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22.01.2007 General News

Enact Laws To Check Cyber Fraud — Sarpong

22.01.2007 LISTEN
By Daily Graphic

The Chief Executive Officer of Africa Online, Mr Ato Sarpong, has called for the enactment of laws on Information and Communications Technology (ICT) to curb the growing incident of cyber fraud in the country.

He said the lack of laws on cyber crime had made it very difficult for the law enforcement agencies to prosecute those who perpetrated fraud through the Internet.

Mr Sarpong said the 2005 global statistics indicated that $180 billion was lost to Nigerians by Americans, while credit card fraud formed 24 per cent of all online fraud, adding that average loss per complainant was $12,000.

Addressing journalists and police officers at a two-day seminar organised by the Ghana Journalists Association (GJA), in collaboration with the British High Commission, at Dodowa over the weekend, he regretted that Ghana had now been classified as a rising star for online fraud.

The workshop was on the theme, “The Role of the Media in Combating Organised Crime”.

He said Nigeria had long been known to be the main star for online fraud and noted that it was regrettable that Ghana was now following as a rising star, explaining that something ought to be done to save the image of the country, since most of the crimes were being perpetrated by foreign nationals living in the country.

Mr Sarpong mentioned auctions, general purchases, lottery and money transfer to Nigeria as the top four scams in the world now.

He said e-commerce transactions from Ghana were recognised world-wide as scams and that in March 2005 Ghana was blocked from using credit card for payments.

Mr Sarpong said most of the credit card frauds originated from hotel payments where workers copied the numbers of customers and used them to purchase items on the Internet.

He said the fastest growing and most expensive scams in the world now concerned money transfer in Nigeria. He urged the press to make people aware of the growing incidence of cyber crimes through educational write-ups and advised individuals to ignore e-mails soliciting transfer facilities, adding that “people should not reap where they had not sown”.

He said the association of Internet Service Providers in the country had resolved to be proactive in dealing with Internet fraud.

Mr Sarpong said there was the need to establish a Cyber Crime Unit at the Criminal Investigations Department (CID) of the Police Service with all the powers to check Internet fraud, saying, “Fighting any crime is a collective responsibility and all stakeholders must get involved.”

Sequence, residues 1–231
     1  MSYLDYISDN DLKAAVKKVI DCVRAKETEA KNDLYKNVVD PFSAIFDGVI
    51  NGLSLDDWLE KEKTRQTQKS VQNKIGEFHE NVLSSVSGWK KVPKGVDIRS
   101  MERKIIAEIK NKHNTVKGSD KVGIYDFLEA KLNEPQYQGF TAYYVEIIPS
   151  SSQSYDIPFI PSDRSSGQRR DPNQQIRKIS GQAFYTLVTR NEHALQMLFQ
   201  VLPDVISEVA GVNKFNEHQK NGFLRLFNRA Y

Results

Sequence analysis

On his part, Supt Vance B. Gariba of the CID said in order to investigate high technology crime, one must understand both technology and the modus operandi of the offenders.

He said there were major issues affecting high technology crime investigations, as well as prosecutions, and that cyber space was very difficult for the police to define the jurisdiction of the crime.

Supt Gariba indicated that there was the need for a central reference point for the collation and dissemination of relevant and timely information, adding that “the reference point should be the one to which companies can report in confidence”.

The Director-General of the CID, Mr David Asante-Apeatu, called for an organised crime strategy which would focus on reducing the threat and impact of organised crime in the country.

He said organised crime posed a serious threat to Ghanaian institutions, society, the economy and the quality of life of the people and so all efforts must be made to reduce it to the barest minimum.

Mr Asante-Apeatu was delivering a paper on, “Challenges of Organised Crime Combat in Ghana”. He said in countering the growth of those groups and dismantling or disrupting their structures and sub groups, a critical component was improved co-ordination, sharing and use of criminal intelligence.

“This information is used in support of integrated policing, law enforcement plans and strategies, as well as initiatives designed to communicate the impact and scope of organised crime,” he said.

Assistant Commissioner of Police (ACP) Patrick Timbilla, the Chief Staff Officer of the Ghana Police Service, said combating organised crime was not the prerogative of the police alone but that it required the co-operation of all stakeholders.

He said crime started locally but had global effects and indicated that the United Kingdom alone had 930 organised crime groups, while in West Africa large groups were made up mainly of Nigerians and Ghanaians.

ACP Timbilla said crime used to be an emerging threat but now it was real and transcended borders, with the advancement of the world, which had now become a global village.

He said although armed robbery topped the crime statistics in Ghana, it had no international flavour like the drug menace but it was being perpetrated mostly by foreigners who came in to attack and returned to their countries.

“Crime is an issue for all of us and all hands must be on deck, with the police playing a leading role and the media also playing a crucial role as partners in the fight,” he said.

Closing the workshop, Mr Ransford Tetteh, the President of the GJA, expressed the hope that the workshop would help the media and the police to mend fences for improved relations in future.

He thanked the British High Commission for providing support for the GJA to create a platform to find solutions to the frosty relations between the media and the police.

Story by Mary Mensah,

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